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California planning release of 76,000 inmates, including felons who committed violent crimes

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California officials plan to release as many as 76,000 currently incarcerated inmates back into communities around the state before they serve out their sentences, including many who are repeat offenders and who were convicted of committing violent felonies.

The decision to bolster early release credits was made with little fanfare, the Associated Press reported Saturday, as Democratic officials continue to winnow out what was once the country’s biggest prison system.

Under the new good behavior credits, more than 63,000 currently incarcerated individuals who were convicted of violent offenses are reportedly going to have their sentences shortened by one-third, rather than the previous guidelines in place since 2017 allowing for a one-fifth reduction in time served.

Included in that number are 20,000 inmates who were handed life sentences with a possibility of parole, the newswire reported.

In addition, under the new credit guidelines, more than 10,000 people who were convicted of a second serious, albeit nonviolent, offense under California’s “three strikes” law can now be released after serving only half of their sentence. That is up from having one-third of their sentences shaved off after time served, the AP noted.

Also, California correctional officials estimated that about 2,900 inmates who were convicted of nonviolent third strikes will also be eligible for release after serving half their sentence.

Finally, as of Saturday, the AP reported, every inmate in a minimum-security work camp and those in firefighting camps “will be eligible for the same month of earlier release for every month they spend in camp, regardless of the severity of their crime.”

All of the changes to sentencing credits were approved earlier in the week by the California Office of Administrative Law and without much public notice. The AP said the changes were offered and then approved rapidly — within a three-week window — as emergency rules.

“The goal is to increase incentives for the incarcerated population to practice good behavior and follow the rules while serving their time, and participate in rehabilitative and educational programs, which will lead to safer prisons,” spokeswoman Dana Simas noted in a statement. “Additionally, these changes would help to reduce the prison population by allowing incarcerated persons to earn their way home sooner.”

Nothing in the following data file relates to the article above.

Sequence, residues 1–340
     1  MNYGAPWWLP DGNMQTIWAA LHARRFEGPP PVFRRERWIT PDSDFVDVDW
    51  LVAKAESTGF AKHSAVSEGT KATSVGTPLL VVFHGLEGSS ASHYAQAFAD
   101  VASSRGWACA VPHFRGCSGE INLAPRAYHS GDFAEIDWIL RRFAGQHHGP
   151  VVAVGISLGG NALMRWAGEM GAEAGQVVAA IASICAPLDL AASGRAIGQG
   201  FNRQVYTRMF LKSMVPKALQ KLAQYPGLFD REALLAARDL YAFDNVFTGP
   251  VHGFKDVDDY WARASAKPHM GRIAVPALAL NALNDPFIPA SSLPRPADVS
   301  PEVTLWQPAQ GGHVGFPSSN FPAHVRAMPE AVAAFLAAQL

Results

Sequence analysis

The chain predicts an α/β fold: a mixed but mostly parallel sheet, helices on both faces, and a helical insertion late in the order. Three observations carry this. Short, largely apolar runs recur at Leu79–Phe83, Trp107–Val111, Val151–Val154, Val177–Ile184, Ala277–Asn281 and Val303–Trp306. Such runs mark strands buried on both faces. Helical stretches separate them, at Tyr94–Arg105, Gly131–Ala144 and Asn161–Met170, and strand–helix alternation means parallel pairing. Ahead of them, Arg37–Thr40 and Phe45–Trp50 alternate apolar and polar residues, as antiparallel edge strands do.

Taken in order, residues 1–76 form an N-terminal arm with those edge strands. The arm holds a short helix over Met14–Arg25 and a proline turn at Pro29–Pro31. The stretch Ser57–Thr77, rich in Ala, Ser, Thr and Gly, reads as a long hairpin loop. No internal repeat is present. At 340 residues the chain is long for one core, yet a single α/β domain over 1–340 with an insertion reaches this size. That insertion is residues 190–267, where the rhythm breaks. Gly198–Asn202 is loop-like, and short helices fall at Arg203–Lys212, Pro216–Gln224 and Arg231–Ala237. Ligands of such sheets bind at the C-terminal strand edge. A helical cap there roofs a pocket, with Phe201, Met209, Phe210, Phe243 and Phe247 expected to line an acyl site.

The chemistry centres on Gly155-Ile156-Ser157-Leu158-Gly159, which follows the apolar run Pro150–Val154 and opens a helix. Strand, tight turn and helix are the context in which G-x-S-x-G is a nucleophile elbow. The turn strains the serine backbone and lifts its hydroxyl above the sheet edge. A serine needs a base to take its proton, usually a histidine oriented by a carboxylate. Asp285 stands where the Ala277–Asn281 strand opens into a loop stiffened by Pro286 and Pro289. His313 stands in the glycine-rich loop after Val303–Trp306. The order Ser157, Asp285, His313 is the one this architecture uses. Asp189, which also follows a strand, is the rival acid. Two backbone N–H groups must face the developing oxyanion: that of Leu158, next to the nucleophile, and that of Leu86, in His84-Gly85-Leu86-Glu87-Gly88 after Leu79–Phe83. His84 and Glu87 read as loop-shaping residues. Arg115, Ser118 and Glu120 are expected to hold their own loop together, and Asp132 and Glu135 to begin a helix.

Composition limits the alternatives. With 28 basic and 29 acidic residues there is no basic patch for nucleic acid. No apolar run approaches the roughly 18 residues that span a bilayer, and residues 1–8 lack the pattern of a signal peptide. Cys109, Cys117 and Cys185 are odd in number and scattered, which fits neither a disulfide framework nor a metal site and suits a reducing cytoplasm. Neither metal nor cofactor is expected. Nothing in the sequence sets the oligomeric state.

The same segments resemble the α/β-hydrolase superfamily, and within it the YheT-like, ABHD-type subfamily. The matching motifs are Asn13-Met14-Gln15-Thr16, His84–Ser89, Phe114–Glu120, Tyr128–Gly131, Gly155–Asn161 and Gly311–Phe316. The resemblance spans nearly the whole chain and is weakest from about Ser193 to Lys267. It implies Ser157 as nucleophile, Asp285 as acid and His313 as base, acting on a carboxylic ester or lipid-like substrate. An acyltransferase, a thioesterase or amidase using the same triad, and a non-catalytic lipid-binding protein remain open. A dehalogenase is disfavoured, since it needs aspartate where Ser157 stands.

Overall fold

Simas gave the Associated Press estimates of the number of inmates who could be affected by the regulatory changes, but the department otherwise did not publicize them.

Director of the Criminal Justice Legal Foundation Kent Scheidegger told the newswire that granting inmates early release credits is not strictly premised on their behaving well behind bars.

“You don’t have to be good to get good time credits. People who lose good-time credits for misconduct get them back, they don’t stay gone,” he told the AP. “They could be a useful device for managing the population if they had more teeth in them. But they don’t. They’re in reality just a giveaway.”

He went on to say that generally speaking, inmates should not be released earlier than they were sentenced.

The AP reported that California’s correctional system population has fallen by about 21,000 inmates since the COVID-19 pandemic began, down from 117,000. But that’s due in large part because most of those inmates were moved to county detention facilities, the AP said.

Nevertheless, correction officials reportedly said there are plans to close a second prison due to the population drop, which fulfills a campaign pledge made by embattled Democratic Gov. Gavin Newsom.

The Susanville-based California Correctional Facility will shut down in July 2022, the AP said, adding that state officials previously announced that the Deuel Vocational Institution in Tracy — located just east of San Francisco — will close in October of this year.

Jon Dougherty

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